Nicola De Martini Ugolotti
Climbing walls, making bridges in Turin, Italy: migrant youth agency in informal educational settings.

Author: Nicola De Martini Ugolotti, University of Amsterdam.

Title: Climbing walls, making bridges in Turin, Italy: migrant youth agency in informal educational settings”

Youth, born to migrants in Italy are challenged to negotiate the position of invisibility and subordination often given to migrants in Europe. Public policies and mass media discourse position them largely as a problem, a population to be controlled and contained (Lipsitz 2005: x). Periodic waves of moral panic (Dal Lago 1999; Palmas 2009) depict them alternatively and exclusively as: “a risk” or “at risk” in/for the “host” society. In Italy, over the last few years, government cuts to public education funding have seriously influenced the quality of public school services from primary school to university. Youth born to migrants often see their access to the tools and opportunities of integration and upward social mobility, normally offered by traditional educational settings, as severely constrained.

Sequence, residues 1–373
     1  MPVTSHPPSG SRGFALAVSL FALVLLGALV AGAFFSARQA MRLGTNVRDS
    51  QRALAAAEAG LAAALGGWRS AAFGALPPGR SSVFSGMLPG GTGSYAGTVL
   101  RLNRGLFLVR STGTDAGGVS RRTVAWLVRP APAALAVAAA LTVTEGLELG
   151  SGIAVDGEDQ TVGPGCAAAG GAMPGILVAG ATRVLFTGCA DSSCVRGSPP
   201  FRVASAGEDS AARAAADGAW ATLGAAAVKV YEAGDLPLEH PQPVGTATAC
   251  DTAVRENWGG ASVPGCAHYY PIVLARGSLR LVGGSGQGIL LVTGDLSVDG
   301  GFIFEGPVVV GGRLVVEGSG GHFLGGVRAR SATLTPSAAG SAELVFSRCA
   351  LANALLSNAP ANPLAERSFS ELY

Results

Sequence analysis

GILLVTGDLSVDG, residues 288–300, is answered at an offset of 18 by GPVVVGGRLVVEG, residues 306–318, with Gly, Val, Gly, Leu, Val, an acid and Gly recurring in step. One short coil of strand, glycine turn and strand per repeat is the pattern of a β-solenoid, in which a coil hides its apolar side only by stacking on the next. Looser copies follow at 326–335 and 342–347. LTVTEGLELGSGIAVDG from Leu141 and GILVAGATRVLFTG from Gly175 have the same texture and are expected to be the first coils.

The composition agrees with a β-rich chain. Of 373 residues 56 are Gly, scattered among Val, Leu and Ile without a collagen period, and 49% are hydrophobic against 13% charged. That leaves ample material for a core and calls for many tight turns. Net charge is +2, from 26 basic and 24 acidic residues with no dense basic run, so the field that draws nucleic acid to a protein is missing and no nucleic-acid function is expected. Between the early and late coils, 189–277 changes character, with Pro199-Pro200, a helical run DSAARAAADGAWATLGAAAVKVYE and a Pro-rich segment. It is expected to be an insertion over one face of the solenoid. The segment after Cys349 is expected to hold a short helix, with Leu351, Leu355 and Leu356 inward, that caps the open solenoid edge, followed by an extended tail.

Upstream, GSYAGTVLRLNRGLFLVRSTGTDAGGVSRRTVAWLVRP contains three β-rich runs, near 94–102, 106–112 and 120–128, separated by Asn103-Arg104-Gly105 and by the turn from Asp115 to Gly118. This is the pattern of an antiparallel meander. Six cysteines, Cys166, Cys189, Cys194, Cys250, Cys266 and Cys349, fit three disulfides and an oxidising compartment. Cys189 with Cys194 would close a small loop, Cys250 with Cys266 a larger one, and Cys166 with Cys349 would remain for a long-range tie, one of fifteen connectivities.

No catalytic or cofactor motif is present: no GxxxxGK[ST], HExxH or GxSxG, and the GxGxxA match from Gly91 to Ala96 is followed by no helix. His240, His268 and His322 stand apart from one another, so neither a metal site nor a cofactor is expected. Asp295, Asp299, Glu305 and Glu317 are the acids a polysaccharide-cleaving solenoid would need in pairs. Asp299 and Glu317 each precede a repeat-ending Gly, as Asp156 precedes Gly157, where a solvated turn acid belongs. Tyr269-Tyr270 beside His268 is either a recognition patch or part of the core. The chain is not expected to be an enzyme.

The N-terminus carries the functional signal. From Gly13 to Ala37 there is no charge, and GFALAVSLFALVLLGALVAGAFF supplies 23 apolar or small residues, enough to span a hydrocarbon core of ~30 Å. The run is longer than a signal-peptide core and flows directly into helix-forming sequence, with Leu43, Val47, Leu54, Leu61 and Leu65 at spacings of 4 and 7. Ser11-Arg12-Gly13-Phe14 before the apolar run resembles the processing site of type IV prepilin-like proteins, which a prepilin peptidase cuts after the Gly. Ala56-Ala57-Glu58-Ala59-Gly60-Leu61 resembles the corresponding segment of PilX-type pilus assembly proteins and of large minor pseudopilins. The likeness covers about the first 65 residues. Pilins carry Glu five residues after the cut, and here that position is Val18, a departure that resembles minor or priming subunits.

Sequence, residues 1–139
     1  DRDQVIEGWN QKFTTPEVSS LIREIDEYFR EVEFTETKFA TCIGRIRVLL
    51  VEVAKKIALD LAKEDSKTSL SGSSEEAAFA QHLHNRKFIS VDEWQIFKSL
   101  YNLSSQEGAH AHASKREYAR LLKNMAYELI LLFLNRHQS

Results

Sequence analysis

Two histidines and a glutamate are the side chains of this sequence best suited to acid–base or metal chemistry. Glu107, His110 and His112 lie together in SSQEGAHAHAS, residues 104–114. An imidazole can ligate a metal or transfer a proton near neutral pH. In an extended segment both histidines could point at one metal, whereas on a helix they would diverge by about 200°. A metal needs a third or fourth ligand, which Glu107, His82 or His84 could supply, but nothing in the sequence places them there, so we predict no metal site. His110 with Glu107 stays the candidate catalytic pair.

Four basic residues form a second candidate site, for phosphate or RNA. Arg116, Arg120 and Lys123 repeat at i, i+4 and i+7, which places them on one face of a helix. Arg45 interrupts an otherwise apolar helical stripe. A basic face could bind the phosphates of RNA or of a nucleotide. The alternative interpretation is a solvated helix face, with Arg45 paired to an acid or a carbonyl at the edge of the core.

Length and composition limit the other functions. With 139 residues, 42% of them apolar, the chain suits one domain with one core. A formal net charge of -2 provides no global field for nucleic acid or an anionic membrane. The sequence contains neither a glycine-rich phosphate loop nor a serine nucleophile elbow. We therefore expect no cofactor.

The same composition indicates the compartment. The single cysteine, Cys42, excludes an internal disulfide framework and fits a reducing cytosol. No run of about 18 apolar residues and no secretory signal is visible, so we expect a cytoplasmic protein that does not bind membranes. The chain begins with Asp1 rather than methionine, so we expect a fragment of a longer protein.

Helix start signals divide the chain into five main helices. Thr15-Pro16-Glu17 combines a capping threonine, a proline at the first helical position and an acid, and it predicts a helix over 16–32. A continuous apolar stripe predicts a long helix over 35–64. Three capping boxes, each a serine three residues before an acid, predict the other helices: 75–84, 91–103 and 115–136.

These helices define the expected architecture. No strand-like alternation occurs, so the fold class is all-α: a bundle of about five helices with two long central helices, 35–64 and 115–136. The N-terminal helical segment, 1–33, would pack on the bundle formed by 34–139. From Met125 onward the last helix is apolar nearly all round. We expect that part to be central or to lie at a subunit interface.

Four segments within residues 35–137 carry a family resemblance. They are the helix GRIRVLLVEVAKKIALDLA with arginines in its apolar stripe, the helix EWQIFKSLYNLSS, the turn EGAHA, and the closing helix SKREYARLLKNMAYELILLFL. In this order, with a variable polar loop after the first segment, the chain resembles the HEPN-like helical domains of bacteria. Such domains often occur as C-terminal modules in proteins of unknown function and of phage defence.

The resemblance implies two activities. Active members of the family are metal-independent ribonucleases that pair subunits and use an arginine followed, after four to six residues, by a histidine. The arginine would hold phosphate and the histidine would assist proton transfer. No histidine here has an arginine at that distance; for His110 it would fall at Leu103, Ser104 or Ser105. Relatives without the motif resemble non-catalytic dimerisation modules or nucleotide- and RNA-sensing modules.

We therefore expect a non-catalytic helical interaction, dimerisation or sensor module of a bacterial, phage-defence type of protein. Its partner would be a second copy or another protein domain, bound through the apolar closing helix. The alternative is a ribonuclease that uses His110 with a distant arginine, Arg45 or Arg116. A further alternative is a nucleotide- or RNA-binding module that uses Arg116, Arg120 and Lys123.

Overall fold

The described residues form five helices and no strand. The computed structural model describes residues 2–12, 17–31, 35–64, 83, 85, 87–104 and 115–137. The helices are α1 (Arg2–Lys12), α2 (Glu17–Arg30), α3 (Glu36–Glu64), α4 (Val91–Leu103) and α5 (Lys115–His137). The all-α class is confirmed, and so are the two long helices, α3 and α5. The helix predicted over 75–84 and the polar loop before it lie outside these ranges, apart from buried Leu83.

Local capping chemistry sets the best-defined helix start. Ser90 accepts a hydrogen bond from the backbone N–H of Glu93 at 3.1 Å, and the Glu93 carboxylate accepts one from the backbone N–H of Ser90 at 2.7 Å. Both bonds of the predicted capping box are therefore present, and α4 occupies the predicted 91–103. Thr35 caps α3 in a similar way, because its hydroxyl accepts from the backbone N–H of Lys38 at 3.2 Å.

My ethnographic study of youth born to migrants in Turin, Italy, practicing capoeira and parkour in public spaces, aimed to provide insights on how migrant youth between 12 and 20, are able to transform, through bodily practices and creative use of public spaces, in-between urban spaces in places for informal peer education. The research bears witness to the youth’s agency as they create a space outside of schools to shape their “self and identity” within different cultures and reach personal targets of social mobility and well-being. By this action, the youth transform public spaces (i.e. street corners, public parks, parking lots) into informal educational settings. The study was guided by the theoretical concepts of “technologies of the self”, “social navigation” and human geography contributions on space. By observing the physical activities, expression, and forms of teaching capoeira and parkour to young migrant youth by more experienced young practitioners, I highlight the visual and participatory tools required to investigate youth agency in an alternative educational setting. Finally, I call for scholarship that examines both informal and traditional educational settings as connected spaces where children of migrants constantly re-create new forms of identity and self-expression, in the continuous effort to challenge their invisibility and subordination in Italian society and to shape their present and future lives.

The DARE Collaborative is a research partnership focused on the digital arts in education, led by the UCL Institute of Education and the British Film Institute. It has a membership of university researchers, teachers and educators in cultural organisations with an interest in arts, media, culture and new literacies in the context of education and digital media.
Centro en Investigación Avanzada en Educación